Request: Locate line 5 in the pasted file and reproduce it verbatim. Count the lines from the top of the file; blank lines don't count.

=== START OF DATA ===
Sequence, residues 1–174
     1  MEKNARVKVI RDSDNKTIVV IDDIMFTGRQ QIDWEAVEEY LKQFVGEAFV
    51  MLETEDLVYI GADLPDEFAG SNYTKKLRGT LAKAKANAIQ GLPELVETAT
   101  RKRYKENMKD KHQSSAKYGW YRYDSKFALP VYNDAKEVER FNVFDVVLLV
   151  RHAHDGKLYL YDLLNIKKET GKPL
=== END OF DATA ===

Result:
   151  RHAHDGKLYL YDLLNIKKET GKPL